Stocks rebound late in trading day to close higher

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Stocks regained their footing after an early slide and closed broadly higher Thursday, led by gains in financial and industrial companies.

The S&P 500 rose 0.5% after having been down 0.9% in the early going. The gain is the benchmark index’s first in three days after a recent stretch of back-and-forth trading the past few weeks. Even so, the S&P 500 was still on track for a small weekly loss.

The S&P 500 rose 20.38 points to 3,909.52. The Dow Jones Industrial Average gained 199.42 points, or 0.6%, to 32,619.48. The index had been down more than 348 points.

The tech-heavy Nasdaq composite had been down 1.4% before clawing back 15.79 points, or 0.1%, to 12,977.68. The Russell 2000 index of smaller stocks outdid the rest of the market, climbing 48.86 points, or 2.3%, to 2,183.12.

Banks and industrial companies powered much of the market’s late-afternoon turnaround, offsetting weakness in Microsoft, Netflix, Facebook and other big-tech company stocks. Treasury yields initially eased, then edged higher following encouraging reports on weekly jobless claims and fourth-quarter U.S. economic growth.

Investors have been moving money away from expensive tech stocks as part of a broader shift to stocks tied more closely to economic growth. There’s a good chance the recovery could be surprisingly strong with little interference from the Federal Reserve, said Andrew Slimmon, portfolio manager at Morgan Stanley Investment Management.

“There is a very clear message that the Fed is going to sit back and let the economy grow at a hotter rate because their number one priority is unemployment,” he said. “That means there’s a good chance the economy overshoots.”

The market has been mostly tumbling in place recently, with support for stocks coming from expectations that the economy will soar soon thanks to covid-19 vaccinations and huge amounts of spending by Washington. A quick rise in interest rates has undercut stocks at the same time, though.

Yields in the Treasury market rose Thursday, but at a modest pace after the 10-year yield spiked above 1.70% last week, its highest level since before the pandemic started. The 10-year Treasury yield, which helps set rates for all kinds of loans, rose to 1.63% from 1.61% late Wednesday.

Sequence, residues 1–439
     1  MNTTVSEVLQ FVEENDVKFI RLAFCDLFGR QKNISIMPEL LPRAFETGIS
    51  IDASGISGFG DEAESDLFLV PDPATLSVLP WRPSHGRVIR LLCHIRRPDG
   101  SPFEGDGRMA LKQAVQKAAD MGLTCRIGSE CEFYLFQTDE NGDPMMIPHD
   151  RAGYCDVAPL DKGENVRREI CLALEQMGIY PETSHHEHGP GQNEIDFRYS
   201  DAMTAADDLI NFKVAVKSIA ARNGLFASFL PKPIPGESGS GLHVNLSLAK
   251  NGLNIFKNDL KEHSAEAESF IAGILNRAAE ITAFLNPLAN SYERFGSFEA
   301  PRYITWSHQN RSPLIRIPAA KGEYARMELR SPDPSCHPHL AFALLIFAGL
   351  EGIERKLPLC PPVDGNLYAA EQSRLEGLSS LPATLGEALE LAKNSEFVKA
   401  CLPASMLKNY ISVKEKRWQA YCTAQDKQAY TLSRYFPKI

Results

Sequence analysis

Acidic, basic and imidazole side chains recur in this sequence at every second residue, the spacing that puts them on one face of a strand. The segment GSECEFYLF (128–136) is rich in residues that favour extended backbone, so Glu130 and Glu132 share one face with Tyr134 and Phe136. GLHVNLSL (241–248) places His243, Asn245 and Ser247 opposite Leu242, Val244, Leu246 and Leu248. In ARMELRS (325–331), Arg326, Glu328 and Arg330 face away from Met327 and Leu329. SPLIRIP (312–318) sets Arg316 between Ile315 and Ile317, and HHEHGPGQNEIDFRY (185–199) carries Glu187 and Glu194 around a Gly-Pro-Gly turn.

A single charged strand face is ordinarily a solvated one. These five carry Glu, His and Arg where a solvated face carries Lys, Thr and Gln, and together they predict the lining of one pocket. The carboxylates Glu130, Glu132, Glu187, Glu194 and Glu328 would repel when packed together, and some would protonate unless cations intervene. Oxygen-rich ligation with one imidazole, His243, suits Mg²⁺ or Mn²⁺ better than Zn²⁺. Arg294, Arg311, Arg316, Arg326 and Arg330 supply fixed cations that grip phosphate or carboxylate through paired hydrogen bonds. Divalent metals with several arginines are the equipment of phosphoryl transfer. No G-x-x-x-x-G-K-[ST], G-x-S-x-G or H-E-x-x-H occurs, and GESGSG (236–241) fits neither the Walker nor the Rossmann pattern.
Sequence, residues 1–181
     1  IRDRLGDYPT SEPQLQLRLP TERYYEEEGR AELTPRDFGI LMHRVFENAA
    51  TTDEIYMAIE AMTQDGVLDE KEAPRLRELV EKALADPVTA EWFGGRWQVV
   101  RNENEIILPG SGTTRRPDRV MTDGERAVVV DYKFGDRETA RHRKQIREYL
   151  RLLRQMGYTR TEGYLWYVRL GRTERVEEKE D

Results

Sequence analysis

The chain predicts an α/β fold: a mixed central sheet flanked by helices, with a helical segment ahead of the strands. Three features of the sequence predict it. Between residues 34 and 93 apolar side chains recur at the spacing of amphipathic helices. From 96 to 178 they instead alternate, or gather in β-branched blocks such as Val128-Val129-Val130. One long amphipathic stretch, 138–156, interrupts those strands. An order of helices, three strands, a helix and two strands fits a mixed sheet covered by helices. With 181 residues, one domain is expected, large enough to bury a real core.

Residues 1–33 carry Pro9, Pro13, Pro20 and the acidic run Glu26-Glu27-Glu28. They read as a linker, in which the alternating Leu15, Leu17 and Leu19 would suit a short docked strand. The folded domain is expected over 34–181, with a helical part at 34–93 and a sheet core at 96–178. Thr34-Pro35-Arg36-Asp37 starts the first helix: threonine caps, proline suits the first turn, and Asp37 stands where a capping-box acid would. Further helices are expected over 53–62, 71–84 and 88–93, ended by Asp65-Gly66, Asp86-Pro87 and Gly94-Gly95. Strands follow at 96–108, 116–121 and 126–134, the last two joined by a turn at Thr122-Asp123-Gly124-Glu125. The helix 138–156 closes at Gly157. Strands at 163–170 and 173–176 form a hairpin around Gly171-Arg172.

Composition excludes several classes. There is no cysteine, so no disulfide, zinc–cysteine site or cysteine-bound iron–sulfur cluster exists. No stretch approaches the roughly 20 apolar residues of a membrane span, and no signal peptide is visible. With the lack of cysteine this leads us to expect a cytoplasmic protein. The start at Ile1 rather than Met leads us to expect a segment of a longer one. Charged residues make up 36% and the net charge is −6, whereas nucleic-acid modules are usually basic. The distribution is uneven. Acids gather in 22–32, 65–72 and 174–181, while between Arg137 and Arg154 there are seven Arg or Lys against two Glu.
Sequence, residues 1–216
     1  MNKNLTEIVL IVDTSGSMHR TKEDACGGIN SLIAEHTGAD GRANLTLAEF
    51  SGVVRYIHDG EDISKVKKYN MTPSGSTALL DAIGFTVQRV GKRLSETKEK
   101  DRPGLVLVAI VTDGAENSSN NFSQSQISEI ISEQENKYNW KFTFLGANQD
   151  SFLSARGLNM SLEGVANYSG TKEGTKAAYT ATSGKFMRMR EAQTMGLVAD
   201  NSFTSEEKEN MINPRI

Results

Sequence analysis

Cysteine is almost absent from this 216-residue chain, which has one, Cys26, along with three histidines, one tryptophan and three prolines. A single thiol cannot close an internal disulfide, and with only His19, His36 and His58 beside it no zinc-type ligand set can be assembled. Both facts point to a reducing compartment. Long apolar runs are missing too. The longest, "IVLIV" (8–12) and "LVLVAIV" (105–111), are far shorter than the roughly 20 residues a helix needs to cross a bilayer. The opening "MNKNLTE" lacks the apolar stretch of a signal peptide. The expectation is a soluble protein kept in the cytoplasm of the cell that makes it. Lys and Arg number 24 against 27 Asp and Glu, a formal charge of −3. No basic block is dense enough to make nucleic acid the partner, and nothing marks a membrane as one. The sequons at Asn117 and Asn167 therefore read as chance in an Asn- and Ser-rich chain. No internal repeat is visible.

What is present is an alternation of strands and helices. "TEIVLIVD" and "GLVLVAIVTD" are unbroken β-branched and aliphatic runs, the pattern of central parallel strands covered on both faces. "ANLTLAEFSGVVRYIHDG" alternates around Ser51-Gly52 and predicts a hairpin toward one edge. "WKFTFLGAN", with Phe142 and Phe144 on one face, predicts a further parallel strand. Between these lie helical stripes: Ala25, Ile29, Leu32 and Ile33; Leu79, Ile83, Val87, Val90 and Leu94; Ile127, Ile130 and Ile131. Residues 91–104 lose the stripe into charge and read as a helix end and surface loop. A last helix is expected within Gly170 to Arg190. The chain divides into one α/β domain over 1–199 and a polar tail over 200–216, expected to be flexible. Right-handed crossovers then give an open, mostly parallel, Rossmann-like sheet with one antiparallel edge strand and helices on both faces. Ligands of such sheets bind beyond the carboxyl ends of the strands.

The Labor Department said the number of workers filing for unemployment benefits eased to its lowest level since before the pandemic broke out a year ago. Another report said the U.S. economy grew at a faster pace at the end of 2020 than earlier estimated.

Moves in Treasury yields have been a major reason for the swings in the stock market in recent weeks. When bonds pay more in interest, they make investors less willing to pay high prices for stocks. Businesses that are asking investors to wait many years for their big profits to begin rolling in are affected even more.

Technology stocks have borne the brunt of the pain of higher interest rates, and they’re also among the biggest companies in the market in terms of value.

Big-tech stocks swung back and forth in earlier trading and were nearly evenly split within the broader S&P 500 index. Microsoft fell 1.3%, while Hewlett Packard Enterprise rose 3.9%.

Other big-tech stocks fell. Netflix dropped 3.4% and Facebook lost 1.2%.

Treasury yields have been broadly rising with expectations for stronger economic growth and the inflation that may accompany it.

Information for this article was contributed by Elaine Kurtenbach of The Associated Press.

In this photo provided by the New York Stock Exchange, traders gather on the floor during the Vizio IPO, Thursday, March 25, 2021. Stocks are wobbling in afternoon trading Thursday as a slide in technology companies is being offset by gains for banks as bond yields stabilize.(Courtney Crow/New York Stock Exchange via AP)

In this photo provided by the New York Stock Exchange, trader Americo Brunetti works on the floor, Thursday, March 25, 2021. Stocks are wobbling in afternoon trading Thursday as a slide in technology companies is being offset by gains for banks as bond yields stabilize.(Courtney Crow/New York Stock Exchange via AP)

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